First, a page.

Posted on September 15, 2002
'Hack' can be hailed for more than its Phila. setting
By Jonathan Storm
INQUIRER TELEVISION CRITIC
The Hack: Under felony indictment. Booted from his house and family and the police force after stealing drug money. Out some cash because the Eagles actually won a game. Badgered by his buddy, a priest named Grzelak, to atone before God. Forced to drive a crummy cab because the Chechen dispatcher doesn't like him.
Still, it might be fun to be The Hack. First, you've got this Clint Eastwood movie moniker: The Hack. Then you actually get to act like Clint Eastwood, so viewers never think about the implication of mediocrity in your name. You get to frown a lot and hardly talk, except when you bark at solid citizens because they want to go off half-cocked, but you know all the cop tricks.
"I could look into that for you," you tell them when they plop into the back of your cab, victimized by some sleazy miscreant, not knowing what to do.
And then you get to dress up in disguises and crack wise at the bad guys before you hit 'em with a board, or a crowbar, or whatever's handy. (No guns, please - remember that indictment.) Or just stare 'em down and knock 'em around with your amazing strength and incredibly huge hands.
Then, like the Lone Ranger, you disappear before the authorities come to clean up.
Hack is CBS's new Philadelphia drama (Fridays at 9, starting Sept. 27). It stars David Morse, who actually lives in Philadelphia and told the producers he'd do the show only if he didn't have to go too far to work. What a difference from last season's Philly. That series has come and gone, and producer Steven Bochco still has never spent a moment in our fair city.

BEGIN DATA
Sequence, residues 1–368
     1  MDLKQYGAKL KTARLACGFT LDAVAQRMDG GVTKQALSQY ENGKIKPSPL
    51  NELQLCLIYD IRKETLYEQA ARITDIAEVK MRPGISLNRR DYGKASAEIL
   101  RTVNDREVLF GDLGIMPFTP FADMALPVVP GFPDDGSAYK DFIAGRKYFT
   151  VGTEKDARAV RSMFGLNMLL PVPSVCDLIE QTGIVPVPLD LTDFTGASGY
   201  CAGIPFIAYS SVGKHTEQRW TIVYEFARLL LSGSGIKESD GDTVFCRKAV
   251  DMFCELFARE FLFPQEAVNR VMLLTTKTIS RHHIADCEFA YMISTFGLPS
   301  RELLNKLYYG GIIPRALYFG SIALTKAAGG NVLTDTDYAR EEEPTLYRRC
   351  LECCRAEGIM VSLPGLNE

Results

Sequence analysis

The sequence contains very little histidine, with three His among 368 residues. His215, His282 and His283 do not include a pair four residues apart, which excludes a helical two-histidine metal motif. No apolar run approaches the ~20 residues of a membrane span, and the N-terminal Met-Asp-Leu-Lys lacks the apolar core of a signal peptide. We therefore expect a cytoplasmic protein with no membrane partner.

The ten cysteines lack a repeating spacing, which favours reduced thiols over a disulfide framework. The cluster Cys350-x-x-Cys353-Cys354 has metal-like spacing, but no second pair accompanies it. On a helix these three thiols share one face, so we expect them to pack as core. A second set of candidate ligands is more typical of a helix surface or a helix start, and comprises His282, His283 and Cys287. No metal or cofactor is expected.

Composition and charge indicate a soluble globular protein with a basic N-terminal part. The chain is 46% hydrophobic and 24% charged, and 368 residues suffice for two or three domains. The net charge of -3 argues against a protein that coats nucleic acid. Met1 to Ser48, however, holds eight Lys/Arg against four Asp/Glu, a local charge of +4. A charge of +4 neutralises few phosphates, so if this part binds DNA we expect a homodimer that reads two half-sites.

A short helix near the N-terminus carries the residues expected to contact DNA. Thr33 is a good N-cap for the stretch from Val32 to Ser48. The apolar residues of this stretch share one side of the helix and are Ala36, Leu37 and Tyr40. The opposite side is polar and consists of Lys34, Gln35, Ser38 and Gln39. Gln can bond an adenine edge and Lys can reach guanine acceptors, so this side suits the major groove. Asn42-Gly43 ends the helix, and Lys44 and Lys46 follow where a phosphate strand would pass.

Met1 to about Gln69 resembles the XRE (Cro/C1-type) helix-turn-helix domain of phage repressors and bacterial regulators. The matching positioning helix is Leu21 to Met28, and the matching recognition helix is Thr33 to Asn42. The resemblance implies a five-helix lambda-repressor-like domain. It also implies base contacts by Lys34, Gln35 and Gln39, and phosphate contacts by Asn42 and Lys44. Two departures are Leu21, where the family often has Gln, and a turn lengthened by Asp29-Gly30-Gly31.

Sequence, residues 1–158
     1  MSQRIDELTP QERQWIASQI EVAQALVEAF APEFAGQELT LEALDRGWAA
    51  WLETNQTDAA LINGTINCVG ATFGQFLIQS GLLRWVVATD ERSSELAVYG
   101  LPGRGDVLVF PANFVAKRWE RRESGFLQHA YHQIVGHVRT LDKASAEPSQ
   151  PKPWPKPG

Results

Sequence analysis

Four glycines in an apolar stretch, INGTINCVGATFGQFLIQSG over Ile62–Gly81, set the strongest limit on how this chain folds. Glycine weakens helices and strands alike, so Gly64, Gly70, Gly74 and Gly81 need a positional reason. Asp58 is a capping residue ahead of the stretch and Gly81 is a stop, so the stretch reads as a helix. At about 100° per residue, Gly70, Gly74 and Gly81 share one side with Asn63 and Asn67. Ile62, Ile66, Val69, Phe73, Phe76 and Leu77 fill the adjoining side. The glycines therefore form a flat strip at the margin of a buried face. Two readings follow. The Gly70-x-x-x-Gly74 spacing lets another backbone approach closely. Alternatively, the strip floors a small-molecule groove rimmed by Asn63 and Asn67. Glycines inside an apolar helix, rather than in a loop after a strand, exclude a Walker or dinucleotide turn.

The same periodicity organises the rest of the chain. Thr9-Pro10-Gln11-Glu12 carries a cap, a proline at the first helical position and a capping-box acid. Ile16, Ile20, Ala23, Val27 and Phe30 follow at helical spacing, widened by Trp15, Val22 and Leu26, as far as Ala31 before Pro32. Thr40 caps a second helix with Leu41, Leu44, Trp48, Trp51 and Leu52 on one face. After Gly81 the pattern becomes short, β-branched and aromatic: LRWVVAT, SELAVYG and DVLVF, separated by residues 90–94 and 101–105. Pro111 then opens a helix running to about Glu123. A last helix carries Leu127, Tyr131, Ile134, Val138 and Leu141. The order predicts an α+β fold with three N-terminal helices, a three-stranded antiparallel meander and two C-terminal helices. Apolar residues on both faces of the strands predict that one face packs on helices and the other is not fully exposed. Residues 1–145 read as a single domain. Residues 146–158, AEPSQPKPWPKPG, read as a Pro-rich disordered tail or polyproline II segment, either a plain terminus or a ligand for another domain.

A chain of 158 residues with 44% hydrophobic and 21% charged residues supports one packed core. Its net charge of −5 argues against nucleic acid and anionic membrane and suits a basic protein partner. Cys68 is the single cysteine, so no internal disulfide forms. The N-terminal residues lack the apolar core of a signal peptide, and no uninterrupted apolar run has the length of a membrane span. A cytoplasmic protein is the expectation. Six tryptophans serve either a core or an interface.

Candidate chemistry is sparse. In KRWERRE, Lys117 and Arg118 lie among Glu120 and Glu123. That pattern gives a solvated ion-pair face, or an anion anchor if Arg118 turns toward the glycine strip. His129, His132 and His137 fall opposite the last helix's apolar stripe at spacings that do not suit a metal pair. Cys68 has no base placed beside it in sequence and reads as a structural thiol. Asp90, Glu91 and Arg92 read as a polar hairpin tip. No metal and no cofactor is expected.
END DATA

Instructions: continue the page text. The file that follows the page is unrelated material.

Playing The Hack must be especially fun for Morse, who as Dr. Jack Morrison on the wonderful '80s hospital show St. Elsewhere was visited with many a sorrow - his wife died, and he was raped, among other things. Now he gets to dish out justice.
The Hack (it's slang for cabdriver) is actually named Mike Olshansky. He's from Fishtown. He, too, feels victimized by circumstances. "If you walk into a bust, and there's 40 grand on the table and only 32 gets turned in, well, that just ain't the end of the world," he tells his priestly buddy, played by George Dzundza, one of the original Law & Order cops. The boys from Internal Affairs apparently thought otherwise, which is why The Hack is driving a cab and not wearing a badge.
But The Hack figures maybe he can boost his self-image and make it up to God by doing a little high-violence, freelance Good Samaritan work.
He drives everywhere in Philadelphia, day and night, and if you live in, or even visit, the city and watch two or three minutes, you'll see something familiar - reason enough to tune in.
But with its beautiful location filming and minor-key music, and with the laconic Morse and his ex-partner, played by the distinguished Andre Braugher from Homicide: Life on the Street, Hack has a dark simplicity that makes it entertaining, too.
It's fun to see the criminals get creamed by a world-weary cabdriver hooked on No-Doz and Visine.